Joseph Gordon-Levitt Has Made Millenial Television with 'HitRecord on TV'
Ladies and germs, cats and kittens, Betties and Baldwins, step right up and witness the Joseph Gordon-Levitt Sexytime Indie Rock Cartoon Late Night Variety Hour! Or, as it’s more commonly known as Hit Record On TV . The upcoming variety show hosted by Robin/Don Jon/Cameron James is a mega-collaboration between Levitt and hundreds of thousands of fans and artists all around the world who have created original music, films, cartoons, and multi-media mash-ups through Levitt’s website, touring show and SXSW takeovers over the past three years.
By the looks of the trailer, the show has a lot to offer: a dreamy host in a slew of finely tailored suits, animation that would make Wes Anderson jealous, bands that are great to listen to but whom you should never want to date, and hold me closer... TONY DANZA!. Sorry, I had to. The show will air at 10 p.m. EST starting Jan. 18, 2014 on Pivot Television, a new cable network that launched this past August. It's an opportunistic, and albeit zeitgeisty place for Levitt to land as Pivot has dubbed itself a network for millenials. It feels like a match made in Internet heaven... that is actually happening on television.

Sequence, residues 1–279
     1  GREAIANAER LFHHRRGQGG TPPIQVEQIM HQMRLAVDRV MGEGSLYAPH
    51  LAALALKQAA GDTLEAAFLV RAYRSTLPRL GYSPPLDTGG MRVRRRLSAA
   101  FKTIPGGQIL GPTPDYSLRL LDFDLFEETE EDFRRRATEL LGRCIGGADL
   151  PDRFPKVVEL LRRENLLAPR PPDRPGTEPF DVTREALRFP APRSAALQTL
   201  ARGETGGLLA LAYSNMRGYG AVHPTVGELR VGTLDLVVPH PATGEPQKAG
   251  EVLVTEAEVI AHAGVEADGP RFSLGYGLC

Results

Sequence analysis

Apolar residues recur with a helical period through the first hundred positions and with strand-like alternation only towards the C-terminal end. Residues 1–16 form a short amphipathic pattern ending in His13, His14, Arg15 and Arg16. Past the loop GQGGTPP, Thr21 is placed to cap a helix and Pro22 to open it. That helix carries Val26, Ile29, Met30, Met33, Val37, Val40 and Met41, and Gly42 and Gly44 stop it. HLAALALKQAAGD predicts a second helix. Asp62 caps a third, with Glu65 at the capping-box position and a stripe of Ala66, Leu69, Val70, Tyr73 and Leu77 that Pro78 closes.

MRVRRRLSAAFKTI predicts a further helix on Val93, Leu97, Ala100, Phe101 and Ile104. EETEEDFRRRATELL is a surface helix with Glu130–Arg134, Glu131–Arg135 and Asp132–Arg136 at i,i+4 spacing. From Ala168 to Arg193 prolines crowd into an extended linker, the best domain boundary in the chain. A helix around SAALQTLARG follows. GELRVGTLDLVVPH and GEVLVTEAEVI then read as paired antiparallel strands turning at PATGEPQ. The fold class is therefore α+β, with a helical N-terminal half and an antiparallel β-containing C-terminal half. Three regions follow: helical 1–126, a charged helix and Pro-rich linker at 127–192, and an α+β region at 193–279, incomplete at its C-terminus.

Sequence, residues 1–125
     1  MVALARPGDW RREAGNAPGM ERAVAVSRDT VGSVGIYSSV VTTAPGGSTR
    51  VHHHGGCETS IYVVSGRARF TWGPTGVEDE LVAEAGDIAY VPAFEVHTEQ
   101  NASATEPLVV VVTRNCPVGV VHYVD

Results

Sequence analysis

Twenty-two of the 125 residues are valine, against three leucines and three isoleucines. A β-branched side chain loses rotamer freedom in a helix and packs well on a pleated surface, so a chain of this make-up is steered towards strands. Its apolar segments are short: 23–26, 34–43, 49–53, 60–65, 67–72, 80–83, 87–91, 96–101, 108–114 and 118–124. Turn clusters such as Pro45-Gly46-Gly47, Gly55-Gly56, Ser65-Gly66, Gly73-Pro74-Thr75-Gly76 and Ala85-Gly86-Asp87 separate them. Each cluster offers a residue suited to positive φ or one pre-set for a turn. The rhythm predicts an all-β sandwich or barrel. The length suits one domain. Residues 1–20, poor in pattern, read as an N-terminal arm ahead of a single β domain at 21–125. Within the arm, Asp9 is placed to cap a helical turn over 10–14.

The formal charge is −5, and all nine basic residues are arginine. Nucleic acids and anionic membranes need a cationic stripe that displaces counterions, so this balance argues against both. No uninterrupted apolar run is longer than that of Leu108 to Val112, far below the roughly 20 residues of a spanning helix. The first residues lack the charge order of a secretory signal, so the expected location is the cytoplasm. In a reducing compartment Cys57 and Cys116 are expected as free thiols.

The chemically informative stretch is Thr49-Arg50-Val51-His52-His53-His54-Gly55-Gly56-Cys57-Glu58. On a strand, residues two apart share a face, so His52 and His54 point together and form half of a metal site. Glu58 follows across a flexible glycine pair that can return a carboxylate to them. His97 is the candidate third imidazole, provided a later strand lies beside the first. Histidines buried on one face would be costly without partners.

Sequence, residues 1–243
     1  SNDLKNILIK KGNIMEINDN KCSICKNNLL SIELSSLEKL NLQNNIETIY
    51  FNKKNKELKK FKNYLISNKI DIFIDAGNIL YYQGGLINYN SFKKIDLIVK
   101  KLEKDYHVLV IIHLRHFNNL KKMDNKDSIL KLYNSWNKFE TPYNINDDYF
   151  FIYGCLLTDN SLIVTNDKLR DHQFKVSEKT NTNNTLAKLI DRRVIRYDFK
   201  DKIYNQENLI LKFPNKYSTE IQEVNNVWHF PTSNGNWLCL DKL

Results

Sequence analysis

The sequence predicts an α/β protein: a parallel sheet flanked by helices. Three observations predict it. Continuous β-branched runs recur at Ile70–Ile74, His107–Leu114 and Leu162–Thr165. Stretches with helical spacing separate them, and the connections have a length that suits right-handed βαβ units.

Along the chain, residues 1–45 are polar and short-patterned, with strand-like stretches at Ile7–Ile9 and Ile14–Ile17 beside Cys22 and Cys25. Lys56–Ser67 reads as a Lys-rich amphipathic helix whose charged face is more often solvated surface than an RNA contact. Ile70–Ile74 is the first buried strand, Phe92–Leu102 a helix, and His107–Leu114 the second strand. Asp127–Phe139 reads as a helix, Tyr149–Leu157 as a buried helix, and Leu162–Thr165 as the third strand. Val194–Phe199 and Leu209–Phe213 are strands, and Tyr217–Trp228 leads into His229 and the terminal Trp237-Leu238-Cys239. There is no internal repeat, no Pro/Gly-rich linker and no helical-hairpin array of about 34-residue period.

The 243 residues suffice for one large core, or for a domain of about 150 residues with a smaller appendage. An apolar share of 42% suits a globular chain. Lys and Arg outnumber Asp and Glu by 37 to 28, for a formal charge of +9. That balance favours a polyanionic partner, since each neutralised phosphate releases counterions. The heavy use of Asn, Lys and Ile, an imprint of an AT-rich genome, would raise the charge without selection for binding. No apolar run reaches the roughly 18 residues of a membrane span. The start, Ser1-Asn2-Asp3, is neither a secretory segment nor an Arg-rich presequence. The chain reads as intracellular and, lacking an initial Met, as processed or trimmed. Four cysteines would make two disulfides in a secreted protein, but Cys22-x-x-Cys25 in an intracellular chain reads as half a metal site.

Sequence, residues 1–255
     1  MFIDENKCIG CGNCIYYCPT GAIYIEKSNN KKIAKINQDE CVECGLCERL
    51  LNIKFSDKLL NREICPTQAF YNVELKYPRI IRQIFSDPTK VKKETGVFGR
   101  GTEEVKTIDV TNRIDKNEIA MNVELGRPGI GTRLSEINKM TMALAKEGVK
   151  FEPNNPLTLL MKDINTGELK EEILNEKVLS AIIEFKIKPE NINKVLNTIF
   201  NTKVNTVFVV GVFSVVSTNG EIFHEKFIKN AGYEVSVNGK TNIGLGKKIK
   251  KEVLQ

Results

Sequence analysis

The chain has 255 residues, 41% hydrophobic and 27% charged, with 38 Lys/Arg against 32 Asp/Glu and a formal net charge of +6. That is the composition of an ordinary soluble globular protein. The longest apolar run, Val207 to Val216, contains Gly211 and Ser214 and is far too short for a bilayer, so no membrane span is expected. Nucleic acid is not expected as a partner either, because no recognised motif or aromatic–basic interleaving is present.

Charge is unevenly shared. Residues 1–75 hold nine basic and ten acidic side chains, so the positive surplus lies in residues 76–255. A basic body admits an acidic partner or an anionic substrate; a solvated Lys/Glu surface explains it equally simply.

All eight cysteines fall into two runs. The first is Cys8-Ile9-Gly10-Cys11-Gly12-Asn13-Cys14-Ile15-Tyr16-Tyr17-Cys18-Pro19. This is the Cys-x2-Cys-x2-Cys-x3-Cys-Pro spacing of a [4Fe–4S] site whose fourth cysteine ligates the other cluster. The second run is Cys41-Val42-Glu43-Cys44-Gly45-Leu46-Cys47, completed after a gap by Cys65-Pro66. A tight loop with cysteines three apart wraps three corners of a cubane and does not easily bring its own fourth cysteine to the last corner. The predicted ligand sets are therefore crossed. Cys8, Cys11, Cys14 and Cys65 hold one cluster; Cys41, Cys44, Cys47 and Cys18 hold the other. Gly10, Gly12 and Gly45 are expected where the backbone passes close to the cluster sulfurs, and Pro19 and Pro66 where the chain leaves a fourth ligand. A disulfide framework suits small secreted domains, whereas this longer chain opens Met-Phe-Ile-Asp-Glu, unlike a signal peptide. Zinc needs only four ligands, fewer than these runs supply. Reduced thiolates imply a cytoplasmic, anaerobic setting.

Levitt in many regards is doing the opposite of how most viral content is created nowadays. Rather than taking whatever great sketch or moment happened on last night’s variety show and blogging about it, he’s taking short user-created content and putting it on TV. YouTube, Instagram, Kickstarter, Upworthy, Vine, and Buzzfeed made a baby and it just might be Hit Record On TV. He’s making sense of the short-term attention spans most people have for their entertainment consumption and using that to make a whole program. And it just may very well be brilliant.
The trend over the past few years has been cutting down material from broadcast and sharing the best bits online. When was the last time anyone shared an interview from Jay Leno? Nope, not recently. But we’ve all seen Benedict Cumberbatch doing an Alan Rickman impersonation and got down with Boy Dance Party. Late night and variety shows like Late Night with Jimmy Fallon, Jimmy Kimmel Live, Conan, and Saturday Night Live have capitalized on the way viewers share and consume media. Though, this could be a bit of a chicken-or-the-egg type situation, still, the fact of the matter is, we no longer have to watch the whole thing to get key-points for what the Seinfeld-era of television referred to as “Watercooler” talking points. (Have I just dated myself? I have). Clips and content are wrapped up and ready with the crusts cut off the next morning with a little love note from mom and dad inside.
So, it appears as if JGL is cutting out the middle-man here and doing the inverse. Short curated content for a variety show that spans lots of interests and mediums... and is made into longer content. Okay Joe, you have our full attention.
And JGL goes viral himself